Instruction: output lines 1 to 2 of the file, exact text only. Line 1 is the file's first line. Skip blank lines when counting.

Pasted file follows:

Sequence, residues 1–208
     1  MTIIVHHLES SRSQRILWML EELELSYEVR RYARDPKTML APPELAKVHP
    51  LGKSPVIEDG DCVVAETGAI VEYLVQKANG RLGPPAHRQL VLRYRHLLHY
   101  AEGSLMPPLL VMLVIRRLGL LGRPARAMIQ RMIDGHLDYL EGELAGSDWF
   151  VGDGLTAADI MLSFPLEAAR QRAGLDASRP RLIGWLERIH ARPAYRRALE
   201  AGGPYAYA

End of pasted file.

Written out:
Sequence, residues 1–208
     1  MTIIVHHLES SRSQRILWML EELELSYEVR RYARDPKTML APPELAKVHP